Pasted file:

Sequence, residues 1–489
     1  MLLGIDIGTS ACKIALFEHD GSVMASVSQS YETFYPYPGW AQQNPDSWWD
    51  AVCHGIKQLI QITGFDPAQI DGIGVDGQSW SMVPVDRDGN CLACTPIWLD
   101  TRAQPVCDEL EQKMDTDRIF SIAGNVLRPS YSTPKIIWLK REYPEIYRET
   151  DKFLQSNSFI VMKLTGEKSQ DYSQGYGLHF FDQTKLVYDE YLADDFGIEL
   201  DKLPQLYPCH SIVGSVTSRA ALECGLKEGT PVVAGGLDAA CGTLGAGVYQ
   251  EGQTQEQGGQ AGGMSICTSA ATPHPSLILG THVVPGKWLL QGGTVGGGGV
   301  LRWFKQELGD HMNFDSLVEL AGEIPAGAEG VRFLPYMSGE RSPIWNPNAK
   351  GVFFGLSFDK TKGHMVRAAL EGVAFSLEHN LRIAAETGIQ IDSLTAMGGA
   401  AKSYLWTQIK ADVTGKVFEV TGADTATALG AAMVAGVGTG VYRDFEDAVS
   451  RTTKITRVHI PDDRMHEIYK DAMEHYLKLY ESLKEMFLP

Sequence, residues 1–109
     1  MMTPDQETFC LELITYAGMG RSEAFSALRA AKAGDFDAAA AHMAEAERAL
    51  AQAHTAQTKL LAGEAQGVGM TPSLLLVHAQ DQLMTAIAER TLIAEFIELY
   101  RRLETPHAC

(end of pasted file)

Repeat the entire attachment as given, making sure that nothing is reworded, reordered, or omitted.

Sequence, residues 1–489
     1  MLLGIDIGTS ACKIALFEHD GSVMASVSQS YETFYPYPGW AQQNPDSWWD
    51  AVCHGIKQLI QITGFDPAQI DGIGVDGQSW SMVPVDRDGN CLACTPIWLD
   101  TRAQPVCDEL EQKMDTDRIF SIAGNVLRPS YSTPKIIWLK REYPEIYRET
   151  DKFLQSNSFI VMKLTGEKSQ DYSQGYGLHF FDQTKLVYDE YLADDFGIEL
   201  DKLPQLYPCH SIVGSVTSRA ALECGLKEGT PVVAGGLDAA CGTLGAGVYQ
   251  EGQTQEQGGQ AGGMSICTSA ATPHPSLILG THVVPGKWLL QGGTVGGGGV
   301  LRWFKQELGD HMNFDSLVEL AGEIPAGAEG VRFLPYMSGE RSPIWNPNAK
   351  GVFFGLSFDK TKGHMVRAAL EGVAFSLEHN LRIAAETGIQ IDSLTAMGGA
   401  AKSYLWTQIK ADVTGKVFEV TGADTATALG AAMVAGVGTG VYRDFEDAVS
   451  RTTKITRVHI PDDRMHEIYK DAMEHYLKLY ESLKEMFLP

Sequence, residues 1–109
     1  MMTPDQETFC LELITYAGMG RSEAFSALRA AKAGDFDAAA AHMAEAERAL
    51  AQAHTAQTKL LAGEAQGVGM TPSLLLVHAQ DQLMTAIAER TLIAEFIELY
   101  RRLETPHAC